• Senior graduation: 5/21 at 7 pm

  • Singsational: 5/9 at 7 pm

  • Band's spring concert: 5/7 at 7 pm

  • Orchestra's spring concert: 5/6 at 7 pm

  • Half day: 5/10

The Central Trend

Oh, how the weather affects a city

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Oh, how the weather affects a city

Excited buildings skyrocketed from the cement ground, reaching for the sky. Interrupting the clouds, they peaked in the blue pool above.

The cement they sprouted from sat cracked and gray underneath. Acting as the trampoline—boosting and bouncing the buildings—it upheld its stone-cold facade as the world revolved around it.

This concrete jungle supported growth; dividing up plots of land, anyone was welcome to traverse through the city’s streets.

Wide in expectation of friends and visitors, the streets waited like a patient, trained dog for feet to trod upon them. They waited, and waited, and waited to be used.

Peeking out from the buildings above, the sun saw the anticipation that brought the city to life. Inspecting the pieces below—the ecstatic streets, expectant sidewalks, and aspirational buildings—the sun was filled with beaming joy. Daring enough to have a closer look, the sun spiraled to the peak of the sky, securing a peaceful place above it all.

But as with all good things, the sun could not exert its smile for the rest of the leisurely decades.”

Transferring that beaming joy, the sun hugged the city; coruscating jubilation jumped from building to build, coating the city in a beguiling, inviting warmth.

Smiling upon it all, the bursting ball of gracious gold donned the hat of something much more than the sun: it was a makeshift motivator. Exposing every nook, every cranny, the motivator hanging above sent beams of luminous light throughout the city.

People took notice.

Acting as birds in migration, they came out in feeble flocks. Feet pounded against the sidewalks, giving the cement below the feeling of usage that it had craved for so long.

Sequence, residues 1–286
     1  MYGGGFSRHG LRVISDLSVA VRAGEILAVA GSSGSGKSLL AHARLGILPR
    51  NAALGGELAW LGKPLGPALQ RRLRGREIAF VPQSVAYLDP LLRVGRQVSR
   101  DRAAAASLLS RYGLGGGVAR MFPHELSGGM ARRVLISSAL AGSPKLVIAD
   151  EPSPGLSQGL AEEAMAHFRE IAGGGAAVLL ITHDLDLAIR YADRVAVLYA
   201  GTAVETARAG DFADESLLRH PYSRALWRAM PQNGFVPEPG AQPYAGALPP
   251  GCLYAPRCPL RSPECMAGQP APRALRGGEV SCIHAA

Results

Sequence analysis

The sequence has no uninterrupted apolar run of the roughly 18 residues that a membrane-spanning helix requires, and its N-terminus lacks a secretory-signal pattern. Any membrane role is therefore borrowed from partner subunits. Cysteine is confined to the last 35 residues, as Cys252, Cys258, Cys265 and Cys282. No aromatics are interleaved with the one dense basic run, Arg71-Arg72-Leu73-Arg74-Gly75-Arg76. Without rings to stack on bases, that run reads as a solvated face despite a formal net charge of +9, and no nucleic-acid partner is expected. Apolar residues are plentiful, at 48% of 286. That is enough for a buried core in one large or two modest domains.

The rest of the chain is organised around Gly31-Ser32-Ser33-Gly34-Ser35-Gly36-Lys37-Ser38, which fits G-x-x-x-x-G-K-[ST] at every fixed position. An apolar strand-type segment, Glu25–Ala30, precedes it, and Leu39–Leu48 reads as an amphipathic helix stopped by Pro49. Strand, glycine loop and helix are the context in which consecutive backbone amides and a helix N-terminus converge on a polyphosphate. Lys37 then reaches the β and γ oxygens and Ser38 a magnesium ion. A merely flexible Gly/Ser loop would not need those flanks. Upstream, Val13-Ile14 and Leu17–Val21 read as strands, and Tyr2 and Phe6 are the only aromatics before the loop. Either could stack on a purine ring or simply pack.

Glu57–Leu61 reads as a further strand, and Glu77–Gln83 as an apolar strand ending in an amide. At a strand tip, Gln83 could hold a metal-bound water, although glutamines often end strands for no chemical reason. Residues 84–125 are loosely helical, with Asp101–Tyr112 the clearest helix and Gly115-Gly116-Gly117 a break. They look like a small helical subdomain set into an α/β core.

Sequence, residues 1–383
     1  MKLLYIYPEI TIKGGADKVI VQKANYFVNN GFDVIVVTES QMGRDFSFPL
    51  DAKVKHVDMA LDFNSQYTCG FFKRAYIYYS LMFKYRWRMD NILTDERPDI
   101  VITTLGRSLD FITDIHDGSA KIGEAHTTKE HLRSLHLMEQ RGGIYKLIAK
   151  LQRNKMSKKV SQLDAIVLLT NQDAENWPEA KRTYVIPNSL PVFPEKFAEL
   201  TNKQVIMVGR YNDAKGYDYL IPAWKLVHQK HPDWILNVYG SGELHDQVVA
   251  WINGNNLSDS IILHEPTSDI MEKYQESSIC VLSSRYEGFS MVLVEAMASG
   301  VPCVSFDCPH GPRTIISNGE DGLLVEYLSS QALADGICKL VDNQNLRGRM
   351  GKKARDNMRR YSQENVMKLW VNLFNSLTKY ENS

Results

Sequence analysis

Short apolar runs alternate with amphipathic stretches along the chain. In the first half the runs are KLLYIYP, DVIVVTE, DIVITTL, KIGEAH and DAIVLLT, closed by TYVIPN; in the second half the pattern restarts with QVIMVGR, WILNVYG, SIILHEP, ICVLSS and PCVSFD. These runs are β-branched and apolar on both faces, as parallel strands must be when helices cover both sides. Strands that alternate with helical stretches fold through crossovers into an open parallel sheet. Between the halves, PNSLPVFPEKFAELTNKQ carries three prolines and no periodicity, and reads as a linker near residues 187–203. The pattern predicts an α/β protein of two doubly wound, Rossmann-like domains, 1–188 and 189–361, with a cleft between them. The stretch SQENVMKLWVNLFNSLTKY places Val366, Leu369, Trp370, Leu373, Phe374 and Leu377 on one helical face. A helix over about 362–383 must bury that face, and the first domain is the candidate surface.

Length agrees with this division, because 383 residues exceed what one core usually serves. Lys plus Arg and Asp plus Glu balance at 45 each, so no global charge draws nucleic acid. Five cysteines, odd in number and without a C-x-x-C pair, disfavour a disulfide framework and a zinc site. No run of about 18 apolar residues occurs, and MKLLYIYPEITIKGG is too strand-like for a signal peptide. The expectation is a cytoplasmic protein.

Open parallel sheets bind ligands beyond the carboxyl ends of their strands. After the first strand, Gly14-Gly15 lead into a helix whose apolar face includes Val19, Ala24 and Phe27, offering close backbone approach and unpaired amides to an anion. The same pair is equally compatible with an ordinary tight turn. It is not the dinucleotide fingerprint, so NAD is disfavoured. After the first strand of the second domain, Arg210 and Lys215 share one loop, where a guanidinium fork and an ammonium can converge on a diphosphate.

Shoes colored the material jungle. Explosions of pink and yellow sneakers and heels replaced the lack of flowers, prospering under the sun.

Like water, the people filled up the buildings, wading from one level to another, flirting with the thought of overflowing and flooding it all. Stentorian sounds of chatter and laughter somersaulted across the streets. Every inch of the city began to appear more vibrant under the ebullient rays.

But as with all good things, the sun could not exert its smile for the rest of the leisurely decades.

The rays no longer sustained undeniable bliss, dazzling in yellow beams; an overpowering wave of exhaustion bleakly clouded the sun’s view. Forced to retreat, unable to see anything below, the sun retired.

With the absence of the sun’s exhilarated energy, clouds wormed their way into the sky—mimicking a nebulous parasite—to replace the clarity.

Once cerulean skies conjured the negativity of the clouds within. An angry sea of dark, brooding blue broke across the sky, shattering the clarity like a prized vase. Clumped together, the clouds formed a barrier between the city and atmosphere, restricting the dreams of those below like an unbreakable leash.

That leash tethered to the people. Gray skies polluted with gloom instead of glittering hope raised concern in the people’s minds. Vain vivacious vitality scoured out of fear of this unknown weather, ushering the population to run.

And they ran.

The city no longer harbored the happiness they were searching for. It was no longer prosperous. It was no longer an exuberant presence in their lives.

For just a moment, it no longer had the control to provide for the people, so they painfully abandoned it.

Rain began to beat against the windows of the now sorrow-filled buildings that missed the lively bodies once there. Wind weaved through the despondent streets and tearful sidewalks. An unsettling presence of emptiness washed over the mourning metropolis; could it even be called a city anymore?

With no people, no sun, no comforting crowds, the city was left empty, drowning in the weather that ironically reflected its current crestfallen mood.

Hopes high and ego hurt, the city just hoped that when the sun comes back—when all the joy and energy it could provide comes back—that the people would come back as well.

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About the Writer
Lynlee Derrick, Social Media Manager

Lynlee is a sophomore, and she is beginning her first full year on staff for The Central Trend. She absolutely loves the rain and snow. Michigan is the...

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Oh, how the weather affects a city